ROADS AND AIRPORTS
Trapp has constructed a ribbon of several thousand kilometres of roads under the hardest climatic and technical conditions in the Arabian Peninsula, Iraq and Africa. Of these road construction projects in the past, the building in 1958 of the Kuwait- Basrah Road was particularly outstanding. This 96 km long road through the desert was built in the then record time of 22 months. Daily performances of 1,600 tons of asphaltic concrete mix had to be achieved.
Trapp planned and constructed municipal highways under the golden domes of renowned mosques in Kerbala and Najaf. Further modern traffic routes - roads and railways - were built in Ethiopia, Cameroun, Liberia, Madagascar, Nigeria, Sierra Leone, Togo and Yemen. One of the largest road construction contracts was awarded to Trapp by Emperor Haile Selassie in 1969 - the Awash-Tendaho Road in Ethiopia. With a total length of 300 kilometres this project was completed within a four year construction period. In the face of fierce international competition a German-English joint venture with Trapp in charge was awarded the contract to build the 256-kilometre-long road from Sana'a to Taiz in Yemen including the extension to the international airport at Sana'a in the autumn of 1971.
A 56 Km section of the Bisha-Al Alayah Road in Saudi Arabia was constructed between 1976 and 79 as well the 43 Km Musna’ah – Rustaq Road Highway in Oman between 1974 and 76
The International Kaduna Airport in Nigeria was constructed by Trapp from 1977 to 1979 as well as the military air base in Cameroun in 1982 in outstanding quality with very close deadlines being stipulated and maintained. Worthy of mention are the road construction projects in Cameroun. By way of example, the stretch of road some 60 kilometres long between Bambui and Fundong could only be built in the four to five-month dry period every year. Water sensitive soils due to high silt contents called for special exertions in soil compaction which necessitated extraordinary efforts and high outlays in equipment to meet the planned objectives for this project which was financed by the Federal Republic of Germany's foreign aid. Conditions like those in virgin forest had to be overcome in the course of building the 22-kilometre-long Mouanko-Ocean Road through the estuary region of the Sanaga river in 1989 and 1990
Given the size of these projects and the short actual construction periods allowed, naturally, the most modem road construction methods have to be utilised. With the very best machinery and equipment being used, all methods of road construction were executed: mechanically stabilised earth roads, asphaltic and cement-stabilised substructures, crushed rock, wet mix aggregate and asphaltic bitumen-coated gravel base courses, double surface treatment; bitumen concrete for binders and surfacing.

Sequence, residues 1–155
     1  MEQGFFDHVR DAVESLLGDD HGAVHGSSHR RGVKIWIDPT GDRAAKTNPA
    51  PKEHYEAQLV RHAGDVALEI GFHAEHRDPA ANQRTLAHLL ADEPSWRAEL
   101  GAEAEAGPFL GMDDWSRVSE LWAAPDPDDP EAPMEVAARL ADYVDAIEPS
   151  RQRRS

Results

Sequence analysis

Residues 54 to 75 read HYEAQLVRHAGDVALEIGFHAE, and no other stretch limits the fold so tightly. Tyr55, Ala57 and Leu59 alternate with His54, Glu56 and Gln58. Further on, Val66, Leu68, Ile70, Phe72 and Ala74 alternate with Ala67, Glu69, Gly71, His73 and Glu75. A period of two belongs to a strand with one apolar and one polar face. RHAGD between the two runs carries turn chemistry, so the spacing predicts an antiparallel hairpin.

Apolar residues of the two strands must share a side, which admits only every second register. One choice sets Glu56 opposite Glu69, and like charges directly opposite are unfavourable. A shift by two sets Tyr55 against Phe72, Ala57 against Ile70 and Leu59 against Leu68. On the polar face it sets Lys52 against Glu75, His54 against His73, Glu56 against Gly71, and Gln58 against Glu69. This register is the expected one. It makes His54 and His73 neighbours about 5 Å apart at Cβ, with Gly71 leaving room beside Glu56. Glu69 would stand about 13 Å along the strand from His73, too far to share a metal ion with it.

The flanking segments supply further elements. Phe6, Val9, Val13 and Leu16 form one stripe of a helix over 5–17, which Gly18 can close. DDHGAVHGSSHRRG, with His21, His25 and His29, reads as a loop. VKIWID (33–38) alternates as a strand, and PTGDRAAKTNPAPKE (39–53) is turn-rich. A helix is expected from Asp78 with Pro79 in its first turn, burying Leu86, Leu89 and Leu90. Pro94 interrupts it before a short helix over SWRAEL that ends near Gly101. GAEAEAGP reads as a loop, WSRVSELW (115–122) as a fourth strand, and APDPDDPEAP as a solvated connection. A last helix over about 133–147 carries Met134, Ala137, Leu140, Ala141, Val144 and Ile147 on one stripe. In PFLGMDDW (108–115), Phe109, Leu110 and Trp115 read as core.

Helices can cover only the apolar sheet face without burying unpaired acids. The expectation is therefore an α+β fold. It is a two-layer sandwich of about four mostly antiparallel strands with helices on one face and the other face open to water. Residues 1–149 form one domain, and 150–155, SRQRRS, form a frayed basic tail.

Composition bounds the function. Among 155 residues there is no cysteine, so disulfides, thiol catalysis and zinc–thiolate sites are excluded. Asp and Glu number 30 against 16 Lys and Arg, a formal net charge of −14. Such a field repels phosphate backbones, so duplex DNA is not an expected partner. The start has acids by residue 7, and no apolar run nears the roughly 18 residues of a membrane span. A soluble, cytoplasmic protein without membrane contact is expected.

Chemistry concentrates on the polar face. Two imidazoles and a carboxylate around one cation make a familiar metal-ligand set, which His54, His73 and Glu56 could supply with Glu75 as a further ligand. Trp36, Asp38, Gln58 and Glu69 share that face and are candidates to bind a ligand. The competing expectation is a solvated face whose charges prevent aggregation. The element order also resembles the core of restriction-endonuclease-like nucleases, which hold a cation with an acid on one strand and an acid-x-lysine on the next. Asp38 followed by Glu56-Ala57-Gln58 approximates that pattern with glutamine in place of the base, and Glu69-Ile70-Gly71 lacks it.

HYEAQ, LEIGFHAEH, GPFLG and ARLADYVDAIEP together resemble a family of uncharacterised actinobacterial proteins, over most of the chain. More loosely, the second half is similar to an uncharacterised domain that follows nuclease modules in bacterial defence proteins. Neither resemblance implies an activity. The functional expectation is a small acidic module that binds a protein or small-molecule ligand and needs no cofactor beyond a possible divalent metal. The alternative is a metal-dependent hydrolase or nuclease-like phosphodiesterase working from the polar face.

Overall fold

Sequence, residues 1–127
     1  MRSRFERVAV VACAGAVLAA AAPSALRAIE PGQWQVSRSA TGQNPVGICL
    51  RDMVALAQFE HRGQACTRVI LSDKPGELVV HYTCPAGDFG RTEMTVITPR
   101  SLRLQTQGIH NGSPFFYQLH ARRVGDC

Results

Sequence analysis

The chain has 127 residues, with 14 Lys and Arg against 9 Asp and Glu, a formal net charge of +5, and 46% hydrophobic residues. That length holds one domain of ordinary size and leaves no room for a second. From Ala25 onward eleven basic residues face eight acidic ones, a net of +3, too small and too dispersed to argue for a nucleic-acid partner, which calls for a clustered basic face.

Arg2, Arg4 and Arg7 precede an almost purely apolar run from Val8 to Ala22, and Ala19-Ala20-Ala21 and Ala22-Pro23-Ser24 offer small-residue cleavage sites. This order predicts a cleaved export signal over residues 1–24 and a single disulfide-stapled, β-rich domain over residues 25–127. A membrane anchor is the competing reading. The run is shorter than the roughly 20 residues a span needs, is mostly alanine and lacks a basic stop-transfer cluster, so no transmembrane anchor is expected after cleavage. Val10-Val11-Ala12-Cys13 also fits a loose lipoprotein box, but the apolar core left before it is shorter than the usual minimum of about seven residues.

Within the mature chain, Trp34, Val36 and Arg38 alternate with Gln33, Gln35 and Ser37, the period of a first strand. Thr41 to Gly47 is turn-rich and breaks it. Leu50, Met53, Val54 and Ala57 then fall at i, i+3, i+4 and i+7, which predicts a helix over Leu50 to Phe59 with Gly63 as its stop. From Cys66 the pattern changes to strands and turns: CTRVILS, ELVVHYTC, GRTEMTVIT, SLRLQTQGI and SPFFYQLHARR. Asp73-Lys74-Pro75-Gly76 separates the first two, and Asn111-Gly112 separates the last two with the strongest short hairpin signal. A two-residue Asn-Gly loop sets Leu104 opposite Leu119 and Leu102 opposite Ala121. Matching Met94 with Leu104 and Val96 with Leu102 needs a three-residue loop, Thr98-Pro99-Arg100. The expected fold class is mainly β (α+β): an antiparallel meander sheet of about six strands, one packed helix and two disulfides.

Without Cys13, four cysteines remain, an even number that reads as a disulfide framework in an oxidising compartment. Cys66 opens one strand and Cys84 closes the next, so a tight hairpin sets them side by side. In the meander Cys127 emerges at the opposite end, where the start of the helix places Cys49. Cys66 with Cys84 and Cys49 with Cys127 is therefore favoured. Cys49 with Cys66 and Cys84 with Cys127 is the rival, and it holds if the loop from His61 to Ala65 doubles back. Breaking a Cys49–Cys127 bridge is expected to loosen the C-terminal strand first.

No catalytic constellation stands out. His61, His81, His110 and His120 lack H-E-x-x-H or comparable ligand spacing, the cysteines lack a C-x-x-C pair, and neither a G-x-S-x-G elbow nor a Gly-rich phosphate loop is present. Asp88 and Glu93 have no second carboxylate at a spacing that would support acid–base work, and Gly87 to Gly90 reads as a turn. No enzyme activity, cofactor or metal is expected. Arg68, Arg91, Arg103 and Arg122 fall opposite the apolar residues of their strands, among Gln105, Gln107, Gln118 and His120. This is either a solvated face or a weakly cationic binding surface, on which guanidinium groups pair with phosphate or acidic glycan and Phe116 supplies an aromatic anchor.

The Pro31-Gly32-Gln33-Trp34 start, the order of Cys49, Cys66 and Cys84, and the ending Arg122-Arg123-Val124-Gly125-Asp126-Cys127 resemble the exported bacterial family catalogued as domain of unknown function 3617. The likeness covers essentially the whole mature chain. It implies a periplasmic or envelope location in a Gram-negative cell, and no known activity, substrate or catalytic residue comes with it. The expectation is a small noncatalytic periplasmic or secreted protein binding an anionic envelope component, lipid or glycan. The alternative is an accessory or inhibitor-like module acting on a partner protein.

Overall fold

A great number of culverts, concrete structures and elevated crossings were necessary in all these road construction projects. Wide-span bridges, exhibiting all degrees of difficulties encountered in modern bridge architecture, were also built by Trapp in the course of their constructing such traffic facilities.
The range of road construction work executed domestically encompasses everything from farm roads via county, state and federal highways, motorways with concrete and bituminous pavements, municipal roads with all secondary installations right up to airports. The company's own mixing plants for concrete and bituminous pavements increased efficiency. The central Wesel laboratory as well as numerous laboratories on the actual sites ensured the quality of the material being installed was invariably uniform and of a very high standard. Motorways were built in the Franconian and Austrian regions even before the second world war. After the war new motorways were built which, due to the elegance and harmony of their lines as well as because of the rapid construction demonstrated, caused admiration from all onlookers and pleasure as well as pride amongst the participants. All the motorways in Germany today are to be seen as forming one combined integral link for international traffic throughout Europe. The fact is that Trapp are considered to be prime contractors in this sector of civil engineering.
Directly after the war, in civil engineering and road construction - hand in hand with earthworks, canal construction and engineering hydraulics - Trapp became focused on rapidly changing building requirements and techniques by continually adapting and modernizing their equipment fleet and training their staff up to the highest standards prevailing at any time.
The first large scale airport project after the second world war was the extension of the military aerodrome at Weeze, in Germany.
More recently Trapp have been decisively involved in extending the A 1, A2, A3 and A560 highways. Not to be forgotten here are the access roads, work on the runways at the Berlin-Tegel, Tempelhof and Duesseldorf airports as well as a large number of by-passes and municipal roads.
What must be especially underlined here is road construction in Berlin which was executed in cooperation with the subsidiary Paul Gresitza. The work and services they delivered have left their positive mark on the face of the new federal capital.